Thur, August 5
Speaker: Daniel Ludvig, M.Eng.
Title: Task-Dependent Modulation of Joint Stiffness
Abstract: Joint stiffness defines the dynamic relationship between the position of the joint and torque acting about it; hence it is important in the control of movements and posture. Joint stiffness consists of two components: intrinsic stiffness, which is due to the viscoelastic properties of the joint, muscle, and connective tissue and the inertia of the limb; reflex stiffness, which arises due to the torque produced by the stretch reflex response. Numerous studies have investigated whether subjects can modulate their reflex stiffness voluntarily but have produced contradictory results; a possible reason for this uncertainty is the lack of a proper feedback to provide to subjects. Using intrinsic and reflex stiffness estimates generated by a novel algorithm as feedback, subjects showed the ability to control reflex stiffness independently of intrinsic stiffness. However, when given a task that would be performed optimally by modulating their joint stiffness, subjects produced voluntary torques based on visual feedback, rather than modulating their joint stiffness. These voluntary torques were found to be correlated to the velocity of the visual feedback. Thus, subjects can modulate their joint stiffness is numerous ways—by altering intrinsic stiffness, reflex stiffness or voluntary components. However, it remains to be determined whether there exist tasks, which would motivate subjects to modulate their stiffness in a task-dependent manner.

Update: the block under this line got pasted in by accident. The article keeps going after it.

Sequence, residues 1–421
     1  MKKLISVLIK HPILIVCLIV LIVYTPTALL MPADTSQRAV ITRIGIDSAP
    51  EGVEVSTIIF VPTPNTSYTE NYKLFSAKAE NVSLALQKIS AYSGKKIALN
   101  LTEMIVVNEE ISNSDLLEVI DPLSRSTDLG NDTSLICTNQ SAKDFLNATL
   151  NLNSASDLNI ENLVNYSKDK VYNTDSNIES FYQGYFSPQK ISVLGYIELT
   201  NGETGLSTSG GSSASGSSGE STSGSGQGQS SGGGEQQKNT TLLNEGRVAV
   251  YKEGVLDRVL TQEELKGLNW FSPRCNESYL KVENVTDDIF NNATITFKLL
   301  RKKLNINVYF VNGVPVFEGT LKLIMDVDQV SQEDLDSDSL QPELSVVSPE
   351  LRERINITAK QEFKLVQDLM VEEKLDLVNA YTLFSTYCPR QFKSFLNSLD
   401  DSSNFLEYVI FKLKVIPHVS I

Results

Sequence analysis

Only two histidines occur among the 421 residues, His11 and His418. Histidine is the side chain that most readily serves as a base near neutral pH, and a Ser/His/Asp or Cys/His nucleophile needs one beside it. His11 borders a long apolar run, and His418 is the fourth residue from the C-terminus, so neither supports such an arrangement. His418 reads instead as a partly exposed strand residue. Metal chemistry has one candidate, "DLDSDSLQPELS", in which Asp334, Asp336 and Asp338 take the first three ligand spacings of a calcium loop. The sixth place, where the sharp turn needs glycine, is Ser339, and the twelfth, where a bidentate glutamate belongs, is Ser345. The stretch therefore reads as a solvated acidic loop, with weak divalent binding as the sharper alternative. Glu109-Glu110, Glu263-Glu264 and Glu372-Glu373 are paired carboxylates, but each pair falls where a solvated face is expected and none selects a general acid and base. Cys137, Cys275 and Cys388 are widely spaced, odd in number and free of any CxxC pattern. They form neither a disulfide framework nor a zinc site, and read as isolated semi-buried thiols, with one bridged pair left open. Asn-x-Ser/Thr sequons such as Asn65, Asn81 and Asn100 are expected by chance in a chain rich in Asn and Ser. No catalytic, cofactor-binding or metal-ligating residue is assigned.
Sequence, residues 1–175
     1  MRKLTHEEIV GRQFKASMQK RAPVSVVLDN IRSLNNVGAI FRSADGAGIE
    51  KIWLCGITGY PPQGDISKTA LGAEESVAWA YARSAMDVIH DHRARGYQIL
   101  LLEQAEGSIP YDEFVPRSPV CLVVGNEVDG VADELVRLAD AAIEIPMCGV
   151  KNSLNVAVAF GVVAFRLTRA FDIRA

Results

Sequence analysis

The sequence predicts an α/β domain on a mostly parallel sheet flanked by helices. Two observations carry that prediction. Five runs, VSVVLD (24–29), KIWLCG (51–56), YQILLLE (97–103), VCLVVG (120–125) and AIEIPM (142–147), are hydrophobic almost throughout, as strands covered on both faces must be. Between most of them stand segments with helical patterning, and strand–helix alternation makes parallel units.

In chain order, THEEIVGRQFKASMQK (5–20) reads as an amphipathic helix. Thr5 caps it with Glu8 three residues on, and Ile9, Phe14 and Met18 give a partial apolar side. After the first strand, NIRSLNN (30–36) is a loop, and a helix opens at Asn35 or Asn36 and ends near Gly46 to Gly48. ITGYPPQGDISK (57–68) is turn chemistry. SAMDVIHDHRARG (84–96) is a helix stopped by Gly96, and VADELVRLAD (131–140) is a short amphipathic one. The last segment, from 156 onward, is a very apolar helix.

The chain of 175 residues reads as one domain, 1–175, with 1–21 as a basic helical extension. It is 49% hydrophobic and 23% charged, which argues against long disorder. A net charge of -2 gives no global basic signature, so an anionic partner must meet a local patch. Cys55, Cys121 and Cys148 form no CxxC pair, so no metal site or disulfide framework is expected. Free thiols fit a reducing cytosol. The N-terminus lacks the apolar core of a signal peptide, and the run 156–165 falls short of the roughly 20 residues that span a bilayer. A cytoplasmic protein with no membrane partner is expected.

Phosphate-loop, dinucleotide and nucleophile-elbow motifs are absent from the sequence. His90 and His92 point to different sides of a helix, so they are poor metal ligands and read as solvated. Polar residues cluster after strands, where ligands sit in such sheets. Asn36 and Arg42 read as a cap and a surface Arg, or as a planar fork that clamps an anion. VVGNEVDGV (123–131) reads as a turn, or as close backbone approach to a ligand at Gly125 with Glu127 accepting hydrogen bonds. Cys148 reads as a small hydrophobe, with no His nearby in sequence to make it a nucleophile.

Host: Eric Perreault